Review – The Merry Wives of Windsor, at the Royal Shakespeare Theatre, Stratford-upon-Avon, until January 12, 2013.

SETTING Shakespeare’s scintillating 16th century farce in the present day – Windsor in 2012 – is a master stroke which makes this uproarious production a complete winner for all.

It’s an absolute cracker for both audience and cast with its gradual build towards a barnstorming finale with truly memorable performances dotted throughout. So it’s hats off to director Phillip Breen who has ensured this production fizzes and pops in all the right places and at the right times with the help of the modern gadgets we so take for granted today.

Outstanding throughout was Desmond Barrit with his brilliantly comic portrayal of the vain and hugely over-sized Sir John Falstaff - echoes here of the late Peter Sellers in some of his iconic roles (in my mind’s eye I could picture a Mafia mobster in a lift – a famous scene). He’s an RSC old-hand while Anita Dobson – forever linked with television’s EastEnders – is one of several cast members in their debut season with the world famous company. And what a storming start she made as Mistress Quickly – the go-between in this battle of the sexes. Exquisite timing induced much laughter.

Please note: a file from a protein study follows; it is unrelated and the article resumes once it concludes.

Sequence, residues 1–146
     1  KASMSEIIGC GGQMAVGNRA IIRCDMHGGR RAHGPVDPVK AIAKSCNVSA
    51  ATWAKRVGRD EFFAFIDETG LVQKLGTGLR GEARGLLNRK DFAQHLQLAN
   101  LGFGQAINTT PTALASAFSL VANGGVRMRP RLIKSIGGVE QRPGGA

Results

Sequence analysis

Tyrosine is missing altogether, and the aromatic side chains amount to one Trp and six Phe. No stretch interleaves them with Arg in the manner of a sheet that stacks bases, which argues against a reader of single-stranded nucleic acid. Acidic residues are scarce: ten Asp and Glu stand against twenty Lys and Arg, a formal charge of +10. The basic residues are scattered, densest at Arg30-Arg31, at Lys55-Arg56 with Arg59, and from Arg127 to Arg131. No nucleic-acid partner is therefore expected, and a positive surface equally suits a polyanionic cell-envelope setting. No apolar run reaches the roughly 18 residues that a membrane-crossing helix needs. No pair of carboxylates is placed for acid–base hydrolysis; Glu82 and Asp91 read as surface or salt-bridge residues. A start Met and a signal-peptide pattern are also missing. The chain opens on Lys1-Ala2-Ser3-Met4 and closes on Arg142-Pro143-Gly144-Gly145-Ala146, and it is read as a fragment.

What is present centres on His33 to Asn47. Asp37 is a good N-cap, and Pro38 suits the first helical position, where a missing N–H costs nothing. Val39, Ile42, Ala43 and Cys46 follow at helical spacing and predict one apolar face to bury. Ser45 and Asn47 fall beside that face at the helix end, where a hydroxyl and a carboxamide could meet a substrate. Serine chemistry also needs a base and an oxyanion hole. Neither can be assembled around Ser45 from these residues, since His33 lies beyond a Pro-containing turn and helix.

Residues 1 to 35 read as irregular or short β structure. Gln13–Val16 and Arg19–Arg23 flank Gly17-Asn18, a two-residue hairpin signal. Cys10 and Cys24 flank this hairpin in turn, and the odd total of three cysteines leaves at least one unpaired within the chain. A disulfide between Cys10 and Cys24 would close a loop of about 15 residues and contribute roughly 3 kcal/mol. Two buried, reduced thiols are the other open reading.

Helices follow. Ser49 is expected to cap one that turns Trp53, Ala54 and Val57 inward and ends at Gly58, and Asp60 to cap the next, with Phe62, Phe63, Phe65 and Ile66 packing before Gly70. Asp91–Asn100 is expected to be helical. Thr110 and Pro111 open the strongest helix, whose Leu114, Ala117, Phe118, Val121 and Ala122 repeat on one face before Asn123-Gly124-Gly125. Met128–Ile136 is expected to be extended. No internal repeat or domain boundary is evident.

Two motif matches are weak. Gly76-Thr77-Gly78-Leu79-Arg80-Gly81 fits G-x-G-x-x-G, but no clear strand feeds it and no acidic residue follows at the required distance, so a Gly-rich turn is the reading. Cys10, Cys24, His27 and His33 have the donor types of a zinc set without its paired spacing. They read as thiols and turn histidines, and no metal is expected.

Particularly eye-catching too was a twinkly provocative and vampish Alice Ford, played by Alexandra Gilbreath - especially in the scenes with would-be-seducer Falstaff.

Meg Page (Sylvestra Le Touzel) provides excellent support as her fun-loving co-conspirator and partner in revenge after they had received identical ‘love letters’. They believe Falstaff has many, as Mistress Page points out: ‘I warrant he hath a thousand of these letters, writ with blank spaces for different names’.

And here revenge is sought more in fun than absolute retaliation or punishment.

Other performances to enjoy were provided by Bart David Soroczynski’s crazy French Dr Caius, who wouldn’t have been out of place in ‘Allo ‘Allo!, and John Ramm, as the ‘wronged’ Frank Ford, who was involved in caper chases reminiscent of the Keystone Kops. Once as Falstaff initially escaped discovery hidden in a wicker laundry basket full of dirty clothes via the Thames! And then hilariously dressed as the Fat Lady of Brentford...

Stephen Harper’s timing and audience involvement as the drunken Bardolph – one of a rowdy trio outraging Windsor society with their bad behaviour - was a delight to behold and David Charles also impressed as the not-to-be-taken seriously Welsh parson, Sir Hugh Evans. But it is a production in which everyone is at the top of their game right through to the children in the haunted wood finale – with plaudits also due to designer Max Jones for several quality sets including a spooky Windsor Great Park.

What better on a cold autumn night to have both mind and body nourished and warmed by what is arguably Shakespeare’s greatest farce and to see it treated and brought to life so well.

A night out that can definitely be recommended to family, friends and mere acquaintances.